HARTFORD--Tuesday brought a serious lift for Luke Bronin’s mayoral campaign.
"Today, I am honored to announce my endorsement for Luke Bronin for mayor,” Hartford City Council President Shawn Wooden announced. "I know that he's smart, he's capable, he's compassionate."
It's an eye-opening endorsement considering Wooden works closely with five-year-incumbent Mayor Pedro Segarra.
"I'm concerned about that future,” said Wooden, “and I'm concerned about leadership over the next four years."
Wooden, who isn't running again, has known Bronin for a decade and believes Bronin is the right person for the city's top seat.
In a statement, Segarra commented on Wooden's endorsement of Bronin:
"The great thing about American politics is that we get to choose who we support. But, no election is ever decided by endorsements. The outcome of this primary will be decided only by Hartford's hard-working Democrats. The victor will be the one who, over the next 35 days, can show their commitment to progressive leadership in our Capital city. It will be the one who will show a vision for improving our neighborhoods and schools and making our streets safer."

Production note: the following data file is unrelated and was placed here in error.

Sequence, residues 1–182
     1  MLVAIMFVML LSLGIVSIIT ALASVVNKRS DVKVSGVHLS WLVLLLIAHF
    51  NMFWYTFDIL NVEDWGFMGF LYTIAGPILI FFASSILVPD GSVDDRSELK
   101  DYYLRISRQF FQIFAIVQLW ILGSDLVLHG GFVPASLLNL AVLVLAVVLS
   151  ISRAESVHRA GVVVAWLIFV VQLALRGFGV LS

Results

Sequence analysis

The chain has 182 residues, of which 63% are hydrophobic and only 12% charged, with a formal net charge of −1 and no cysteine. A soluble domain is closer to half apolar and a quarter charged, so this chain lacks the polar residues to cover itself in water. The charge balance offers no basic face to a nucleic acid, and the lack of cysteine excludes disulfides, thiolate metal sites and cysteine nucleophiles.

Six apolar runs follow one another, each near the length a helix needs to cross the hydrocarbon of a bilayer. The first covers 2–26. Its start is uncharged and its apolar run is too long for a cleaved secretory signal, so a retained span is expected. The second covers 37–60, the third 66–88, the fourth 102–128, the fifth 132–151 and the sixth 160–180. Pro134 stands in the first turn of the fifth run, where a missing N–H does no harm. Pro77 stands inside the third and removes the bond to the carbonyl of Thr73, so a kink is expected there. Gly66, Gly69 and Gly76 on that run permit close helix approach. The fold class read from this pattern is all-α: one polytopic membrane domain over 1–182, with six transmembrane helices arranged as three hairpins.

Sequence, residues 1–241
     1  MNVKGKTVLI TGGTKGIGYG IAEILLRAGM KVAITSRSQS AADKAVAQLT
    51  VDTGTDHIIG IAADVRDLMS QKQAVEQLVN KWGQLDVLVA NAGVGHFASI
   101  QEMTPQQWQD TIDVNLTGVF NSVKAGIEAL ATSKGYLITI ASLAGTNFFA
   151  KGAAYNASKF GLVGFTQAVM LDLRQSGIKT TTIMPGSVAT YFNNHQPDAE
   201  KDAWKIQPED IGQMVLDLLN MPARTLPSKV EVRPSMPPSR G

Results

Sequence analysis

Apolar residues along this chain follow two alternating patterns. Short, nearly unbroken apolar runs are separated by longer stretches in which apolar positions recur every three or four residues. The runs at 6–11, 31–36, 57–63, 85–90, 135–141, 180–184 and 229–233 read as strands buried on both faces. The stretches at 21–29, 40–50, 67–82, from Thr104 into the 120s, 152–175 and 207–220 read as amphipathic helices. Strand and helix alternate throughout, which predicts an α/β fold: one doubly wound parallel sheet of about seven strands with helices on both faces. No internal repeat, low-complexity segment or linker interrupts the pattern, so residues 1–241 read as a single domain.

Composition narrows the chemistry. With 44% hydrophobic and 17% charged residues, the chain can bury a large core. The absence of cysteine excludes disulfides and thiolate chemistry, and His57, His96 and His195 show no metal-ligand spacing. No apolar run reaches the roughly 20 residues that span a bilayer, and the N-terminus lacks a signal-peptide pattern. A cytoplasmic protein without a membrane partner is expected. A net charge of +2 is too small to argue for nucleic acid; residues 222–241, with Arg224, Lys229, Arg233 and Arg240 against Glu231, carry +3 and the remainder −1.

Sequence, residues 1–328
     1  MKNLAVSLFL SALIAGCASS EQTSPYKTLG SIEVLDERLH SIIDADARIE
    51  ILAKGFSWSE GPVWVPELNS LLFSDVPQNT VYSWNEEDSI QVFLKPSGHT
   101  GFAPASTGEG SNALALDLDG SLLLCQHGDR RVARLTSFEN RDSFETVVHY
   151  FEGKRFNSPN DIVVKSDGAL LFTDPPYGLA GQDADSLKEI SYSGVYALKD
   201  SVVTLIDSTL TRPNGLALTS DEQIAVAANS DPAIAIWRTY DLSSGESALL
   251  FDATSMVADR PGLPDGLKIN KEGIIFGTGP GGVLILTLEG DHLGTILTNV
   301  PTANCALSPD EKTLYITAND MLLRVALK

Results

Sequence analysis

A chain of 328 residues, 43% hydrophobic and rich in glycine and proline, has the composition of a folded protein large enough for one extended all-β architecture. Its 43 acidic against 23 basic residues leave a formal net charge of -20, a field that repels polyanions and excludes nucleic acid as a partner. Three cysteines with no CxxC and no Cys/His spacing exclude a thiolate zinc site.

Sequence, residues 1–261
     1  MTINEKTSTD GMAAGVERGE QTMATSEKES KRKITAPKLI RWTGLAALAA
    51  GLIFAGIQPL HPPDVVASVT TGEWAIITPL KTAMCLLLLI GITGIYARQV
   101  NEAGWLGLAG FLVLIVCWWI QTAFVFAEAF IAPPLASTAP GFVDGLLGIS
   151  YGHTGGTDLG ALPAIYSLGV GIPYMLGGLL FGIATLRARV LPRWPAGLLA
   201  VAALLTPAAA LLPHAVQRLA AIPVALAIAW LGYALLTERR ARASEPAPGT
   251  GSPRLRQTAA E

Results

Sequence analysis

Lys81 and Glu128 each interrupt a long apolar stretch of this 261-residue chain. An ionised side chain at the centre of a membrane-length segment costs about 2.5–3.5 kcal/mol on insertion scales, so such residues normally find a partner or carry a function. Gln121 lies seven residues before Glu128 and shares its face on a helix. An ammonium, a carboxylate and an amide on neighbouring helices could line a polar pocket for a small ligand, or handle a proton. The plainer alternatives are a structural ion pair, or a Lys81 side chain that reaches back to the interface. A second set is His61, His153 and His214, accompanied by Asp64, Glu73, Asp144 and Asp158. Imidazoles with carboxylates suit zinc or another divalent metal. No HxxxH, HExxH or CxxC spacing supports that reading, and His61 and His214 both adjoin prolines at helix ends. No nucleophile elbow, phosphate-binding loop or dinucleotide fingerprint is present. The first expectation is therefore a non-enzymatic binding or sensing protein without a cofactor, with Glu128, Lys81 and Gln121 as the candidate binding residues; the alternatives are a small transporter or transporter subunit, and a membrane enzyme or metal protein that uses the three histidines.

Just hours later, at a community forum Tuesday evening at the Church of the Good Shepard, four of the mayoral candidates presented their vision for a better, more cultured, Hartford.
Luke Brown, Ted Cannon, Joel Cruz Jr. and the incumbent, Mayor Pedro Segarra, spoke about expanding on the city’s arts, culture and tourism scene. Topics ranged from the new baseball park to celebrating the city’s history came up.
“How do we make sure that someone who just comes to a Yard Goats game doesn't just come and then leave? It's about using all of these opportunities, whether athletics or Coltsville or a cultural event,” said Bronin.
“The most important lesson to be given to our children is the role that this city and state played in the constitutional history in the development of rights in our nation,” said Segarra.
The candidates stuck to their own platforms and visions without challenging each other.
The question now is whether the primary even matters. While Bronin is putting all of his eggs in the Democratic primary, and won't move forward to the November election if he loses in September, that's not the case all around.
"I'm a proud Democrat,” said Bronin. “I believe the Democratic voters are going to vote for change in September and I plan on getting on the ballot by winning the primary."
But Mayor Segarra did file signatures that will put him on the November ballot as unaffiliated. Segarra calls it a "precautionary measure". The move means Segarra will still appear on the November ballot, even if he loses the primary.
Meanwhile, Segarra's campaign is turning up the pressure. His first campaign ad titled "My Story" hit social media Monday night and is expected to hit the airwaves later this week.